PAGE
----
Oy, Reisswitz, Where’s My Spanner?

We had an interesting discussion on the TooFatLardies Yahoo Group in the last day or so where the concept of wargames rules as a “tool box” was the subject of debate.  Two sets of our rules take what is, I think, quite a different approach to most tabletop gaming rules in that they draw on the original Kriegsspiel rules for inspiration.  In I Ain’t Been Shot Mum and Troops Weapons & Tactics Nick and I took the clear decision when writing them to avoid lengthy lists of factors for things like spotting and firing and to return to the same system used in the very first true wargames rules; to allow the person running the game to make the decision whether the shot fell into the category of Great, Okay or Poor.
My reasoning here can probably best be described by using the results of a recent study of golfers and their putting.  After careful analysis a scientific panel came to the conclusion that golfers are better off not crawling about on their hands and knees trying to size up exactly how and where to hit the ball because, believe it or not, their brain has already done the calculation for them as soon as they walked up and looked at the ball and its lie.
In wargaming terms this can best be described by saying that almost every tabletop situation can be lumped into the three pretty instantly recognisable  categories, Great, Okay or Poor, without obliging the gamer to trawl through a list of plus and minus factors in order to come to the same conclusion.  What is more, to attempt to attach a numerical value to each one of a countless list of external factors that can influence an outcome is in itself something of a futile mission.  How much smoke has been fired?  How badly is the firer’s vision impeded by the fact that it is approaching dusk and the sun is low on the horizon?  How much cover is created by the dozen thinly spaces trees that are between the firer and the target?  How many absurd plus and minus factors can a sane person want on the potentially voluminous list in the interest of attempting to pre-judge every potential situation?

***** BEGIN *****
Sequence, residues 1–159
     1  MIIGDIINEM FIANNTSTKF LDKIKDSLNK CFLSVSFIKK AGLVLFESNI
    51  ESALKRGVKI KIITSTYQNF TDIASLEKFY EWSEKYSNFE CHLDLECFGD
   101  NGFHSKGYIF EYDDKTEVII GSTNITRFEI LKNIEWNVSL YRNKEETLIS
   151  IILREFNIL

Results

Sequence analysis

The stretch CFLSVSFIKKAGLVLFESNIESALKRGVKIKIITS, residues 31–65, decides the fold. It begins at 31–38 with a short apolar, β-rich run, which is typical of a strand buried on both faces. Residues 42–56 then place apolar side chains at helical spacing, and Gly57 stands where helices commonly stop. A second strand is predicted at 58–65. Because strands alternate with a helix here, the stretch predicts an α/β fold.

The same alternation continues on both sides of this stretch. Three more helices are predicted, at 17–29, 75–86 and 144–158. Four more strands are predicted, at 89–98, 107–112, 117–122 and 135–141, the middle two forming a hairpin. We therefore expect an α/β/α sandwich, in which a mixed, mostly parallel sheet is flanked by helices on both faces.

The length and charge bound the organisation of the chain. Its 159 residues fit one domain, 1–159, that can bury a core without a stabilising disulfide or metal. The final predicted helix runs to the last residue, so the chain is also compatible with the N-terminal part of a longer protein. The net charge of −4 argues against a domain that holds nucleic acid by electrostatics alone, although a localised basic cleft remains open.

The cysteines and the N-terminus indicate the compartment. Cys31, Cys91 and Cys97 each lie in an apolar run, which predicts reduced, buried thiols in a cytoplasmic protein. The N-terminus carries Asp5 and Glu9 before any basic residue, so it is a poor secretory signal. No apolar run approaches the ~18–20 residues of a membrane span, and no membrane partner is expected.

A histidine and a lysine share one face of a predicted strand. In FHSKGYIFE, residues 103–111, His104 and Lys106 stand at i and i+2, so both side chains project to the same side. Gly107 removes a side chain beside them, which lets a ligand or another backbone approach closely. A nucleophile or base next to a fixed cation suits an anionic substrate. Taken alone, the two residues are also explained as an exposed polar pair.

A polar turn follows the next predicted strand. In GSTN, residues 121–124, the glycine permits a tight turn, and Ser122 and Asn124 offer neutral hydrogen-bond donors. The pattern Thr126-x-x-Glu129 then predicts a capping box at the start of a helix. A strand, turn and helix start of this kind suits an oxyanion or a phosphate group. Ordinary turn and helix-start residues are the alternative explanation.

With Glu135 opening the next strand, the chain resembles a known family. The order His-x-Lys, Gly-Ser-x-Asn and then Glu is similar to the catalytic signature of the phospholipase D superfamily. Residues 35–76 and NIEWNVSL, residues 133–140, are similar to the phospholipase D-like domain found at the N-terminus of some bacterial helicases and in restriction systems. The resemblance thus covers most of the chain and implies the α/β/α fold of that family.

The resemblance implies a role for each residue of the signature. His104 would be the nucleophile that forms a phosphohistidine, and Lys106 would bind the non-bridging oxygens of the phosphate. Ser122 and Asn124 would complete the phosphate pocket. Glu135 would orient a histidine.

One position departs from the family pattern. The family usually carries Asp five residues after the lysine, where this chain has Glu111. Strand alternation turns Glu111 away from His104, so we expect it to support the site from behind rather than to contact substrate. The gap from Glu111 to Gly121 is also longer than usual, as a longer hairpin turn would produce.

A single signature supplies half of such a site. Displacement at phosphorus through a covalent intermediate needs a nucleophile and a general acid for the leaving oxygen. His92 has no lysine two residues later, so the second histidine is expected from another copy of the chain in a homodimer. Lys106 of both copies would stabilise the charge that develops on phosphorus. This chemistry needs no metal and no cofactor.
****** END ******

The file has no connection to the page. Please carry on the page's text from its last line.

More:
TW&T smallBy reverting to the absurdly simple von Reisswitz system we potentially liberate ourselves from the drudgery of tables, and, possibly just as importantly, we create the tool box mentioned at the top of this piece, which allows each individual gamer to create his own version of WWII according to his perception of conflict.  By this I mean that a dozen different people are free to apply the rules in their own way, using their judgement so that the resulting game then provides them with a game that conforms to their understanding of the conflict, rather than forcing them to accept our interpretation of it.
Does it work?  Well, as always beauty is in the eye of the beholder.  For some the system is liberating, it encourages them to think about the real tactical situation rather than simply apply a preconceived list of modifiers that may, or may not, be relevant to the specific situation.  Indeed this is where our strap line, “Playing the period, not the rules” comes from.  To others the system is abhorrent; only “80% complete” as one gamer quite famously said.  Of course the answer is that the system suits many, but not all.  But how different is that to any set of rules?
It is undoubtedly true that the rules do depend on the gamer having the balls to make decisions based on having an opinion on WWII conflict.  To my mind expecting a gamer to have at least some knowledge of a period is not an earth-shattering position for a rule writer to assume.  Indeed in many of our rule sets I have intentionally included large sections describing how troops actually operated and fought in order to provide that basis of knowledge that even for the uninitiated will suffice to get them playing.  However, unlike shoving Pixies and Faires around a table, IABSM and TW&T are unashamedly historical games written for historical gamers who want to gain an appreciation of warfare whilst enjoying a game that is fun to play but also being historically plausible in not just the end result, but throughout the game as it plays out.